From worry, to frustration, to despair

Yesterday was hard. It was hard to see the premier and other politicians elected to represent and protect Ontario’s citizens, presented the opportunity to finally — if far too late — do the right thing in the face of skyrocketing (but entirely predictable) COVID case numbers…and then bungle it so spectacularly. Instead of reinstating paid sick days, or any other protection of Ontario’s most vulnerable workers, Doug Ford chose to ignore science-based medical advice, and impose largely unhelpful restrictions on Ontarians. He denied them outdoor spaces, like playgrounds or campsites, even though the risk of outdoor transmission is very low and a generally-agreed-to-be-worthwhile risk given the physical and mental health benefits. He gave the police more power — likely unconstitutional power, mind you — to stop and question anyone they see on the street. Many municipal police forces have said they won’t use it, but if I were a Black person in this province, I would be very afraid indeed.

The Toronto Star’s front page today neatly sums up the frustration, shock, and rage at these latest moves. Not from people on the street, or on Twitter, but from medical and civil liberties experts.

Also yesterday, in an overtly political move, Ford declined an offer of Red Cross support from the federal government, saying “We do not have a capacity issue, we have a supply issue.” Both parts of that statement are false; on the same day his office issued that statement, Ford asked other provinces for help with capacity, equipment, and expertise. Meanwhile, vaccine doses go unused and appointments remain bafflingly difficult to book. Further: questions continue to swirl about why some postal codes were declared hotspots over others, when the data did not bear out such prioritization, and the aberrant data has some damning correlations to Tory minister ridings.

The province’s haphazard response a year ago could be blamed on confusion, the initial scramble of COVID panic and uncharted waters. Now, a year later, the premier and cabinet’s response can only be seen as inept and petty at best, dangerous and negligent at worst. Or, put another way:

To be clear, I feel all this frustration and rage out of empathy for my fellow Ontarians. I interact with this clusterfuck of an administration from the privileged vantage point of an affluent white man. I own my own house, with my own backyard, in a nice neighbourhood. I am not an essential worker, and I can work effectively from home 100% of the time. (Also, my employer provides paid sick days.) I have no kids climbing the walls, or other dependents. I have no pre-existing health conditions and, now that I’ve had COVID, I probably have some antibodies stored up. In the unlikely event that some cop stops me on my way to the pharmacy, my skin color will almost certainly keep anything bad from happening to me.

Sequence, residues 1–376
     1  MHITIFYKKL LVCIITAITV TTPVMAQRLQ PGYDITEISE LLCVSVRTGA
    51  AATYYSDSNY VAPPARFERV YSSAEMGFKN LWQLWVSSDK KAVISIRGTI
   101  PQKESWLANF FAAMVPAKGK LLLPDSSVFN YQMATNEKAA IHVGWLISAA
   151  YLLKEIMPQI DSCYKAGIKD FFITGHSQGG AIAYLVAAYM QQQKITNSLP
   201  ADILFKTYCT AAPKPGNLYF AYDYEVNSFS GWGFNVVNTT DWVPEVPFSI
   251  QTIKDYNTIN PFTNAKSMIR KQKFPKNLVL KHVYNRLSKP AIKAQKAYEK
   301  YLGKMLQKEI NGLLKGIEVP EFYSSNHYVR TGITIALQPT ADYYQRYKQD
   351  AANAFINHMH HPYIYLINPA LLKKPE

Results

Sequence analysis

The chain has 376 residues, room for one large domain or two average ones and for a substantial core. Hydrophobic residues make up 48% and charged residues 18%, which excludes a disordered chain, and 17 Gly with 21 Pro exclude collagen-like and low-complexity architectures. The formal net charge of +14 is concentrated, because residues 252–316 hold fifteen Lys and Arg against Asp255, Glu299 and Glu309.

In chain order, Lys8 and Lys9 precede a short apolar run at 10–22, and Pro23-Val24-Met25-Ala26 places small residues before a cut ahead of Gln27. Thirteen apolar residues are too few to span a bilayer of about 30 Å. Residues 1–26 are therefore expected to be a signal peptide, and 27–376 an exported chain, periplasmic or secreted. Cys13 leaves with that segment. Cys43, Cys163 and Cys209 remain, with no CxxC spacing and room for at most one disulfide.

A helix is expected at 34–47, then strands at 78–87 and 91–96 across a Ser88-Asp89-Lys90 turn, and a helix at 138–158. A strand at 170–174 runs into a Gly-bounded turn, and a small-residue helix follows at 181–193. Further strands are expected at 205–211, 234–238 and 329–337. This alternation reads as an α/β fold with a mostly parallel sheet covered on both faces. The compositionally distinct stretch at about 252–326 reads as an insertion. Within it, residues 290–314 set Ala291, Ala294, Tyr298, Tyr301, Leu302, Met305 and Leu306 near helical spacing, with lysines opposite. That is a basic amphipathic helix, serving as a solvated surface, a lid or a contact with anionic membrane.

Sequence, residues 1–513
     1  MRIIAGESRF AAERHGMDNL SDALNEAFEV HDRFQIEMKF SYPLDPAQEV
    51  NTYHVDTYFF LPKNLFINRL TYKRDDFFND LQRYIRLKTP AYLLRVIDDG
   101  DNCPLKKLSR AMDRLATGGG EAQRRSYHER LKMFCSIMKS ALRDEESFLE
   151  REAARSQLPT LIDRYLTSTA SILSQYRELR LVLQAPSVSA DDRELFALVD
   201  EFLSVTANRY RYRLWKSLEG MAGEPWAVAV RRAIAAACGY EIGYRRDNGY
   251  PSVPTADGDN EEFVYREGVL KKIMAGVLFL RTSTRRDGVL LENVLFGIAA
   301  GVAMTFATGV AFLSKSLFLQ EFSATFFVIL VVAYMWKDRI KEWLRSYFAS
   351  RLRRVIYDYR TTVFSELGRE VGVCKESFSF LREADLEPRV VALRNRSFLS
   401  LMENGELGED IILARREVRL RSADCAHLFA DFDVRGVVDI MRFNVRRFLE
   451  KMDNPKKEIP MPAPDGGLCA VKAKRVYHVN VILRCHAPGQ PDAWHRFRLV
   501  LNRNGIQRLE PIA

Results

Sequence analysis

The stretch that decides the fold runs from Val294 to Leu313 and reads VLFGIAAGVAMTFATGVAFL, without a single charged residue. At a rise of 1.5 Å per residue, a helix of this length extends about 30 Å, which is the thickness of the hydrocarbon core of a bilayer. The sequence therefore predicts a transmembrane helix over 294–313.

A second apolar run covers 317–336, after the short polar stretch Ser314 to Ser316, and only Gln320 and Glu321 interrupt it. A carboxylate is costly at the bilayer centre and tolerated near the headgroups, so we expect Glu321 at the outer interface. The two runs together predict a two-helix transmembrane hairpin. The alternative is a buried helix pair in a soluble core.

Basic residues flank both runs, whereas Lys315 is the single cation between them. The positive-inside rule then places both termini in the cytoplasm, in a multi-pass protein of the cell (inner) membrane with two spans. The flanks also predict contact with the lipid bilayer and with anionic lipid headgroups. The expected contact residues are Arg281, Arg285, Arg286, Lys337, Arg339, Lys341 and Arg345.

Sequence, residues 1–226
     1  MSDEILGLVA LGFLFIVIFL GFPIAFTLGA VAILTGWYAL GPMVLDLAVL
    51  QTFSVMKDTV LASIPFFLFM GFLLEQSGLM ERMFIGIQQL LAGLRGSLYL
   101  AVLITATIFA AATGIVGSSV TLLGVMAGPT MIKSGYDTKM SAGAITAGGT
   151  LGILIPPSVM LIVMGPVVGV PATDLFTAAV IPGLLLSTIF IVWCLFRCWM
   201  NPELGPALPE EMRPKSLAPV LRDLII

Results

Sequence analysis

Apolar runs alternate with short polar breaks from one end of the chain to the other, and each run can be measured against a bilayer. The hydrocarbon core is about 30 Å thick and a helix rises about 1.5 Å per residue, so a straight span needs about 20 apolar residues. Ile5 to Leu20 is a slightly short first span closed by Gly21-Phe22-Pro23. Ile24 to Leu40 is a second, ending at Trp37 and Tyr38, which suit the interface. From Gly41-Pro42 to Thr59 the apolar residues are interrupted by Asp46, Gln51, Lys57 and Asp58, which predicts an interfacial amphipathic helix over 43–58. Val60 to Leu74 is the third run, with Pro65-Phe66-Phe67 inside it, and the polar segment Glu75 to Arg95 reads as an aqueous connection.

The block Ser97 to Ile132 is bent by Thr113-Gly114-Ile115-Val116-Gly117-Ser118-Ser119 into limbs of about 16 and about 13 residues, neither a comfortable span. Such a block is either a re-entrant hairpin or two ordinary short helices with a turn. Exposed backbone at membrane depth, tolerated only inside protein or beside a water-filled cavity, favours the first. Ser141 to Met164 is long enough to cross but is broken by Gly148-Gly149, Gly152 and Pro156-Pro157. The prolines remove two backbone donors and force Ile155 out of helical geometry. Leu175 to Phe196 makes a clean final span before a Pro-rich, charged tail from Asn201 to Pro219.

So if I feel all this, and I’m in quite possibly the most privileged state possible for an Ontarian, imagine how a front-line worker living in a poor or racialized neighbourhood feels. Imagine living at Jane & Finch, where you’re 9x more likely to be hospitalized but 4x less likely to be vaccinated than someone living in wealthy Moor Park (source) and FAR more likely to be targeted by police for the colour of your skin. Imagine the terror, and helplessness, felt by the most vulnerable Ontarians, as this doctor eloquently describes.

Of course, everyone I know with a brain in their head and a shred of empathy is already sickened by this, and feels something must be done. Unfortunately, both brains and empathy seem to be in short supply at Queen’s Park. Our outmatched premier has unnecessarily consigned hundreds of Ontarians to death at the hands of this virus, deaths which could have been avoided but for his incompetence and indifference.


In Macleans yesterday, Justin Ling got at why this is happening not just in Ontario, but effectively everywhere west of New Brunswick:

Scaremongering about outdoor transmission, and instituting curfews is a feat of social engineering. This an effort to ignore the data, withhold information, and twist the facts to scare us.

The conspiracy-minded will see that as an exercise in population control: Politicians getting their jollies off by playing dictator. 

The reality is more mundane—governments are doing this because they are frozen with indecision. Actually acknowledging the reality of the data means acknowledging this catastrophe was caused by governments’ idiotic reopening plans: Plans that were warned against by public officials at the time. Doing that means taking action that will hurt employment numbers, which could hurt our politicians fragile egos. Confronting this data and science also means admitting that all of our advice about washing your hands and not touching your face has been useless. And accepting that reality means provinces requiring sick leave, so people can go home if they’re ill.

Governments are loath to do any of that. They would rather shower us in meaningless pablum about how we, as citizens, need to do our part. The implication, of course, is that we are to blame for this crisis. That it’s us wayward youth who are driving this pandemic. Our lack of personal responsibility means they have to ground us to our rooms. Stay home, for god’s sake!

If our politicians stop blaming us for outbreaks, we may start blaming them.

Begone, 45

I should have more to say about the US election. I just don’t have it in me. And, truth be told, ever since I read this Atlantic article (published pre-election) about how Trump might try to gin up enough trouble to keep himself in power, I’m probably more nervous about his seemingly-clumsy protests and machinations than most.

I am just gonna leave this here though: